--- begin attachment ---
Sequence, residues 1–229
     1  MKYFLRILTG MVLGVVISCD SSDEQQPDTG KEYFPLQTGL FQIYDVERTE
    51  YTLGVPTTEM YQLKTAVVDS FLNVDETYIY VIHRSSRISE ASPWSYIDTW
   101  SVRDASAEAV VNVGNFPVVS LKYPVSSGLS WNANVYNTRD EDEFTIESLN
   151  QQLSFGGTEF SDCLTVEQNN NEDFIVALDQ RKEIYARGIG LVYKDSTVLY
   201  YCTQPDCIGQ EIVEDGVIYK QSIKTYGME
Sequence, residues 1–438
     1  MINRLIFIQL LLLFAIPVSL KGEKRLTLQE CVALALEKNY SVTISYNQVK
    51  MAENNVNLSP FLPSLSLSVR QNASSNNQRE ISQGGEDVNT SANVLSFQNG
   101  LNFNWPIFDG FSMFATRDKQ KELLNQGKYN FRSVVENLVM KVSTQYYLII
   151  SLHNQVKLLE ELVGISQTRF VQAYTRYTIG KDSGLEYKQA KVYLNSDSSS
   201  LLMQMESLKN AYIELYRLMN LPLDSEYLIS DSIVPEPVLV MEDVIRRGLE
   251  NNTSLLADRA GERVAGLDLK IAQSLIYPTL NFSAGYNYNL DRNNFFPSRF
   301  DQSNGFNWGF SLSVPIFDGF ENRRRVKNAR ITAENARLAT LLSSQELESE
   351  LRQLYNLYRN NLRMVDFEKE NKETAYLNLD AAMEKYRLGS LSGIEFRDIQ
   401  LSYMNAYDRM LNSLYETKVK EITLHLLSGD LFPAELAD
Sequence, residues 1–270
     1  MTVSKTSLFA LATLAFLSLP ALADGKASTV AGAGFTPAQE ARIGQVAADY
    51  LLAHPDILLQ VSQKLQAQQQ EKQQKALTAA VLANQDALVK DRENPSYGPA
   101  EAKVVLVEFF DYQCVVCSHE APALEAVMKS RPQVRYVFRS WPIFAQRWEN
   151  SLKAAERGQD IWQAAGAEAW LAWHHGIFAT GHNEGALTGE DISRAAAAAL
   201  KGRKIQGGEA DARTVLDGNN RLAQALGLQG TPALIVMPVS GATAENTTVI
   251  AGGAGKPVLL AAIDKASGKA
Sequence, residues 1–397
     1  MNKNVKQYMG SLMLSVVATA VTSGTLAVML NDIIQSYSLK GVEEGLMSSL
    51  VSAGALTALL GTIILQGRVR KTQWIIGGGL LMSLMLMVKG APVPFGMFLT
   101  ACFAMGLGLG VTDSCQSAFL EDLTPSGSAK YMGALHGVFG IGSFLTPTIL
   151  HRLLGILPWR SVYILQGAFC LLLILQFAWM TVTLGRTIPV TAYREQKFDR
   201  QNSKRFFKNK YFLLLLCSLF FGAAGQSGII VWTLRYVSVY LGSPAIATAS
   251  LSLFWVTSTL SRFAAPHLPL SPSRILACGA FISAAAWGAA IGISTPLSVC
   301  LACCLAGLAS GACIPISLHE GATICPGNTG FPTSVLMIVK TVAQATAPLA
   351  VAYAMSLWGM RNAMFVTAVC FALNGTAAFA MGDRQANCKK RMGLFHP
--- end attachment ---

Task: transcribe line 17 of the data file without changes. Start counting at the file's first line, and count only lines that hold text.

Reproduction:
Sequence, residues 1–270